to be set each of 20 marks, out of these any four questions to be attempted by students.

Minimum 80% syllabus should be cover ed in question papers of end semester examination.

References:

1. T. S. Rathore, ―Digital Measurement Techniques‖, Narosa Publishing House, 1996.

2. B. S. Sonde, ―Monographs on System Design using Integrated Circuits‖, Tata Mc -Graw

Hill, 1974.

3. D. J. DeFatta, J. G. Lucas, ―Digital Signal Processing‖, J Wiley and Sons, 1988.

## Page 21

Subject Code Subject Name Credits

INPE1013 Advanced Analytical Instrumentation 03

Module Detailed content Hours

1 Spectrophotometric /Gas analyzers

IR/NIR/UV/VIS analyzers – Cells, Detectors, Signal Processing, Calibration,

Minimization of Interference and Comparative Analysis of Analyzers &

Gaseous Components Detected

Hydrocarbon analyzers - Flame Ionization Detectors, Principle of Operation

Oxygen and NO/NO2 analyzers - Signal Processing, Calibration, Minimization

of Interference, Applications

Sampling Systems – Desirable Features, Filters, Flow and Pressure regulators,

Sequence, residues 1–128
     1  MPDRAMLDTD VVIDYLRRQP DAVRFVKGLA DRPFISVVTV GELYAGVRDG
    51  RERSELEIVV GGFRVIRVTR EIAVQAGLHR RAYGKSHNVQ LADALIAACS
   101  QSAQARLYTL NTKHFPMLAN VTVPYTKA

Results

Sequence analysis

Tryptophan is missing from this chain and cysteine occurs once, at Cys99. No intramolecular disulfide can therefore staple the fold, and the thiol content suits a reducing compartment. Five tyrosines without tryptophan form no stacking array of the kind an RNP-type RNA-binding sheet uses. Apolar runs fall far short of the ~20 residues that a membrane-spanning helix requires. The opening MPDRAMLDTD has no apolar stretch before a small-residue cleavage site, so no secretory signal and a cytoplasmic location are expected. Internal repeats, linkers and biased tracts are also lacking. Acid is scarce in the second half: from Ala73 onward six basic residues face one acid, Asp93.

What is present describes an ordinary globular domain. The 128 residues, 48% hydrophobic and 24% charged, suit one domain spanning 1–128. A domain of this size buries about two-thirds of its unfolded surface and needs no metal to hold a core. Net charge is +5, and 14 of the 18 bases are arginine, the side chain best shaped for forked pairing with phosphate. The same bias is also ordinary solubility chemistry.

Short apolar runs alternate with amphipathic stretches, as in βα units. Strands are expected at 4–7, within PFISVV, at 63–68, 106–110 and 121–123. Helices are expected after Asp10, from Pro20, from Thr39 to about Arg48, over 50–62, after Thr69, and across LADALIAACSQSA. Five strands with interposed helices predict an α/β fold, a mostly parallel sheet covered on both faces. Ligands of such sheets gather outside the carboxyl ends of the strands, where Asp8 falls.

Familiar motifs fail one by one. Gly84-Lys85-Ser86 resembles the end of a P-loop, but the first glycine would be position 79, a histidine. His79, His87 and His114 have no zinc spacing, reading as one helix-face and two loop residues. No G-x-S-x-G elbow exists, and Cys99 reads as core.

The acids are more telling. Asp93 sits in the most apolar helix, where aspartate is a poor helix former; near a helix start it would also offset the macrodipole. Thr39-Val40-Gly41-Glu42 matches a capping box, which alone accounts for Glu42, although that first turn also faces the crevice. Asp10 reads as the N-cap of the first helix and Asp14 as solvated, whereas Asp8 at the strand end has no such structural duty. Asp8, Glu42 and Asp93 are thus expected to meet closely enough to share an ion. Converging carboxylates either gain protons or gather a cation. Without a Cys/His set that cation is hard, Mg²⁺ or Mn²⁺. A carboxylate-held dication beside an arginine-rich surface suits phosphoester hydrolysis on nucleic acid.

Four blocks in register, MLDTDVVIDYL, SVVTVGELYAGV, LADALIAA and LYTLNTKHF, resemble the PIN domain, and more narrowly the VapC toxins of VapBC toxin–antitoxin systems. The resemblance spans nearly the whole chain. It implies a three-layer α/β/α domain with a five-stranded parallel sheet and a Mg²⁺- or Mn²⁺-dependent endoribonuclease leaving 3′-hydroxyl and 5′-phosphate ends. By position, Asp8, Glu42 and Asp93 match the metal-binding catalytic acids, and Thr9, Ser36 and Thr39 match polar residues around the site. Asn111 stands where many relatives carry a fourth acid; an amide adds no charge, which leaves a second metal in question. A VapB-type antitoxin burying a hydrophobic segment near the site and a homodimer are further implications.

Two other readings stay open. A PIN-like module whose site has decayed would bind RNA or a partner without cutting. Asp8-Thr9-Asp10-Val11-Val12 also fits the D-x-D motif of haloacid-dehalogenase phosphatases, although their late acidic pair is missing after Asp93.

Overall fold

Coolers, Condensers, Vacuum Pumps, Blowback Cleaning System, Exhaust

Practices. 07

2 Electrochemical/Liquid Analyzers pH Analyzers – Measurement and

Compensation, Pre-amplifiers, Transmitters, Measurement cells.

Conductivity Analyzer – Cells and Cell Constant, Effect of temperature on

measurement calibration, acid and alkali titration meas urement. Redox

Analyzer - Principle of operation, components of analyzers and applications.

Trace Oxygen and Residual Chlorine Analyzer - Principle of operation,

components of analyzers and applications. 08

3 Compositional Process Analyzer Gas and Liquid Chromatography –

columns, gas and liquid detectors, data processing, process chromatography,

calibration and application.

Mass Spectrometry – Components, different types, sampling systems,

calibration and applications. 07

4 Biomedical Spectroscopy -Types of Biomolecules, different spectroscopic

analysis techniques, principle of operation, components, data processing and

applications, Blood gas analyzers 06

## Page 22

5 Environmental Analy zers: Waste Water Environmental Analysis, analy zer’s

principle of operations & components, calibration and applications. 04

6 Nuclear Magnetic Resonance Spectroscopy - Principle of operation,